He was constantly peering over his shoulder, wondering if the military would come and interrupt them, but no one came, no soldier, no politician, no one from the outer city. Most importantly, there were no Knights.
The faces of the refugees would forever haunt him. Gaunt and malnourished, their stares went right through Caley, in a worryingly passive way as if they had already given up on life. Wearing muddied and bloodied rags, reeking of shit and piss, they filed past meekly, steered by his brothers and sisters through the dark passageways, groaning and moaning in a variety of dialects, women and children and some men following. They needed medical aid – quickly. Caley guided about twenty into the farthest cabins, and they were willing to do anything he said. The level of power he had over them made him feel immensely uncomfortable. They had come from all over the Empire, from distant islands that he had heard mentioned perhaps once or twice. Broad and tanned faces, heavy accents, some that could not fully speak Jamur.
‘Are you Caley?’ a woman asked. She wore a plain yet expensive-looking shawl, and her blue eyes and bright blonde hair startled him. The thickset grey-haired man beside her was equally well dressed, in smart green cloak and tunic. He carried a black leather bag.
‘Yeah,’ Caley replied.
‘We are here to help,’ the man declared, his accent refined. ‘We’re both medical practitioners, and we are skilled in herb-lore . . .’
Caley had heard tell of this couple, who lived on one of the high, fancy levels of Villjamur, but were willing to help those in need even, it seemed, Cavesiders and refugees. Caley felt intimidated by their presence, but tried to recall some of Shalev’s lessons. ‘Couldn’t have come soon enough,’ Caley muttered. ‘It’s pretty dire.’
‘We’ll get right to it.’ The couple instantly began dressing wounds: open sores and frostbite.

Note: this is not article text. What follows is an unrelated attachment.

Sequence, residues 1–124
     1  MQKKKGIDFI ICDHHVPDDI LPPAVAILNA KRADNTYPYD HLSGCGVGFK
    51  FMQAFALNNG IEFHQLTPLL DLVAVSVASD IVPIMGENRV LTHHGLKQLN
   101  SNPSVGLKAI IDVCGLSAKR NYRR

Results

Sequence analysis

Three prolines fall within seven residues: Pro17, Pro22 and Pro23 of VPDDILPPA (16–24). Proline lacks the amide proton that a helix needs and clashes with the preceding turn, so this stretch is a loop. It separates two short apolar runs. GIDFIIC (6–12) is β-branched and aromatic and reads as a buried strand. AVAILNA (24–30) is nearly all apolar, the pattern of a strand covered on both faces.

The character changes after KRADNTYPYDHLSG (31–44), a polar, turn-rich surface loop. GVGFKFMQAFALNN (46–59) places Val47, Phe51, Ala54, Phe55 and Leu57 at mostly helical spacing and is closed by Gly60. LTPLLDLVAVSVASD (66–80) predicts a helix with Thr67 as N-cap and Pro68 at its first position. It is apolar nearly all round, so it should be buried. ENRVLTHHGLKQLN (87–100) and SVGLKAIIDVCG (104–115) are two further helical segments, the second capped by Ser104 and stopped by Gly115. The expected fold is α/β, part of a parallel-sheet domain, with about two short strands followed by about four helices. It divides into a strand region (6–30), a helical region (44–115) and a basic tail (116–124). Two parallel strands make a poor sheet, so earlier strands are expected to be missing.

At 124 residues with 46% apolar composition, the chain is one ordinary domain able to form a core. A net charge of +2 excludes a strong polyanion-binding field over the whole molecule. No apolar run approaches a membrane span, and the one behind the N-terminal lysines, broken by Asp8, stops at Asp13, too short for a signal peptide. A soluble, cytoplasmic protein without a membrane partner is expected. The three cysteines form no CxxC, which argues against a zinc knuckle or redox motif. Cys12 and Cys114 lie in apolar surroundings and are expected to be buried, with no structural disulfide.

The place stank. He leaned by the blonde woman and whispered, ‘I’ll leave you to it – we need water here.’
‘That’s OK,’ she replied, adding, ‘brother.’
He left her, feeling bad that he had not asked her name.
In the darkness of one of the cabins, he gathered several of his own people and suggested that a system be put in place to bring water from the docks, sanitized with relics. People ran out to spread the word, and Caley felt proud then that his input had been noted. He watched them leave and gazed at the hubbub outside the barracks, at the people who marched back and forth distributing supplies, then he felt a hand on his shoulder.
It was Shalev. She was beaming. His nerves got the better of him, and he found that he didn’t know what to say to her.
‘How is everything going here, brother?’ she asked, in that thick accent.
‘Good,’ he mumbled. ‘Well, as good as can be hoped, I think. Yeah. Did you, uh, have any trouble?’
‘Of a kind,’ she replied, eyeing the scene at the barracks with pride. ‘One of our invisibility shields collapsed, bringing some of the city guard to our side, but we . . . despatched them efficiently.’
‘Were the Knights out?’ he asked, with awe.
Shalev shook her head. ‘We had decoys, of course, a cluster of incidents on the other side of the city.’
‘Wow, you had it all planned, Lady Shalev,’ Caley replied.
‘Sister will suffice,’ she replied. ‘No titles. There is far too much elitism involved. No, I do not think these Knights are even aware of their situation. As individuals they are no problem to me. As a group – as a symbol – they are little more than something in which the populace can place their hopes. They are merely for political gain – unlike us, they have no substance.’